Dr. Annegret Groebel, Director of International Relations/Postal Regulation at BnetzA, the German Federal Network Agency for Electricity, Gas, Telecommunications, Post and Railway, uses the example of her country to explain how the independence of national regulators is vital to the implementation of the legal framework.
“In order to fulfil their mandate, national regulatory authorities need to have the necessary powers and competencies, as well as the financial and personnel resources to deliver regulatory decisions of the highest quality. Finally, economic regulators must have the discretion to choose the most appropriate and proportionate regulatory measures, reaching the set of targets provided for by legislation,” said Groebel.
The representative of the German regulator is convinced that the independence of such state bodies allows participants to find equal conditions and get a real chance to take advantage of the opportunities of liberalised markets.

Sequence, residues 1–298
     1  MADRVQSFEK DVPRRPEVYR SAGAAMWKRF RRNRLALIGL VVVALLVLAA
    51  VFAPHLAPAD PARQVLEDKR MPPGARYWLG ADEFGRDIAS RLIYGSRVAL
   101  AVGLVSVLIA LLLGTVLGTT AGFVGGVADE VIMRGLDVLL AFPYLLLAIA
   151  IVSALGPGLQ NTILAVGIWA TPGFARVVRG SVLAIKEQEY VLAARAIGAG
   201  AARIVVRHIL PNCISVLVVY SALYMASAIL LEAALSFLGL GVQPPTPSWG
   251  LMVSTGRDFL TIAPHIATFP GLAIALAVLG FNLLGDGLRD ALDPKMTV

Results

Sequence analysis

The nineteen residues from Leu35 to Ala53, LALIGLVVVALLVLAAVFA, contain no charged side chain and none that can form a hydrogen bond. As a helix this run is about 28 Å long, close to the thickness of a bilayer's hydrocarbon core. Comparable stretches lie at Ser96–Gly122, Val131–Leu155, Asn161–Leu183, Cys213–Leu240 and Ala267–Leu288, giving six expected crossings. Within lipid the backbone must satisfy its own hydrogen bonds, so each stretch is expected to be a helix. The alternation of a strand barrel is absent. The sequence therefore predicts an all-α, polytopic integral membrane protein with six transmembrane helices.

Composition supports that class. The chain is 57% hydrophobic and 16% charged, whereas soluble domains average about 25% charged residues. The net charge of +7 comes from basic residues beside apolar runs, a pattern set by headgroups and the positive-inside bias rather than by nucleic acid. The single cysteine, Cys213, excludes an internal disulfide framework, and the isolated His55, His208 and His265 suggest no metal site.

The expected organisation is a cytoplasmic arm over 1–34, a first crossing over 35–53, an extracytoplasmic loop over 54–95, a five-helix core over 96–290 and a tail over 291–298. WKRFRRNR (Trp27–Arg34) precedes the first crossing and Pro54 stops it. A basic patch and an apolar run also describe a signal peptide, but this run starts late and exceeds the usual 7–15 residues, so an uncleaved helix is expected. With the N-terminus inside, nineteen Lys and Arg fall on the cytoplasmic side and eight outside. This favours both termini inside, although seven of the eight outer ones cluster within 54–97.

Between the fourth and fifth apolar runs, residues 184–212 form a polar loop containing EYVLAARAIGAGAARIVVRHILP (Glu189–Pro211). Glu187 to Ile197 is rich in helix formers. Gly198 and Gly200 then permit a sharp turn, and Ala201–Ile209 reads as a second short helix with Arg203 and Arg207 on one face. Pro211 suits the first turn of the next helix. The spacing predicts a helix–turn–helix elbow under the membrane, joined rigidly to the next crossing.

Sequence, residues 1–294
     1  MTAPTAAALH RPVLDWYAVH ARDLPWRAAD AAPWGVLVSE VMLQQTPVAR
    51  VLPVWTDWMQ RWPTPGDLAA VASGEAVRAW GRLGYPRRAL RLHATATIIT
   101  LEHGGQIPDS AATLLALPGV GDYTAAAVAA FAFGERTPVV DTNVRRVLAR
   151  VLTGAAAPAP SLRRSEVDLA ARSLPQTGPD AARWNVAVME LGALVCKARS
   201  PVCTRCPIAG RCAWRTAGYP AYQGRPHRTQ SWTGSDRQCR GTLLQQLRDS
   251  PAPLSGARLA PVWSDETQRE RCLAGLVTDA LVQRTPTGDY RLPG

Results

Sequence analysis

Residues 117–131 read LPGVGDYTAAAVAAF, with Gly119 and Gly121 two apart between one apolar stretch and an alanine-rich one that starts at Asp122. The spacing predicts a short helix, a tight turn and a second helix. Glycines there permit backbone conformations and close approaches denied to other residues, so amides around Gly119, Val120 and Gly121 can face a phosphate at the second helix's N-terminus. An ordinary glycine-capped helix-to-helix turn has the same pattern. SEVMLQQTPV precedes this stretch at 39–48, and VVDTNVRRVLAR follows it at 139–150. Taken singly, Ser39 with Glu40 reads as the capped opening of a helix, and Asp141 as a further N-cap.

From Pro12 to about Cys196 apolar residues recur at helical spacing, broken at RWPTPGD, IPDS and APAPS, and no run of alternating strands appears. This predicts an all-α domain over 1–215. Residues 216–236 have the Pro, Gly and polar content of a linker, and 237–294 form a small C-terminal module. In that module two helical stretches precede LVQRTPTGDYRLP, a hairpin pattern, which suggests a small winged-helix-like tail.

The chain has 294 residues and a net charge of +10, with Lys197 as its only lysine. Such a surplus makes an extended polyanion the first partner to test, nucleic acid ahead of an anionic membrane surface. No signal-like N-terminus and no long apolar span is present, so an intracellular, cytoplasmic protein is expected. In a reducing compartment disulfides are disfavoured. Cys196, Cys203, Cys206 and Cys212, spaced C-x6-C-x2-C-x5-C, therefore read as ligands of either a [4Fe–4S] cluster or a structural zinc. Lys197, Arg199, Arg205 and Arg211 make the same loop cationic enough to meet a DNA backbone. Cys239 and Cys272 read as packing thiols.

The EU4Digital Facility promotes key areas of the digital economy and society, in line with EU norms and practices. The Facility is implemented by a consortium led by EY, together with Action Global Communications and CEPS.
The goal of the EU4Digital Facility in the telecommunications area is to support topics such as work related to international roaming and the potential agreement on a common international roaming space among the six partner countries. It also helps in strengthening the independence of the National Regulatory Authorities for electronic communications, as well as supports making available spectrum resources for better availability and quality of mobile services.
The Regional Roaming Agreement (RRA) will ensure harmonisation of regulatory frameworks and substantial reduction of roaming prices among the six Eastern partner countries. This will enable the roaming clients of the communication networks to use a more accessible roaming service in the region. Based on the EU4Digital roaming study (2019), a reduction of more than 80% in the average price is expected.
Read the article in Armenian.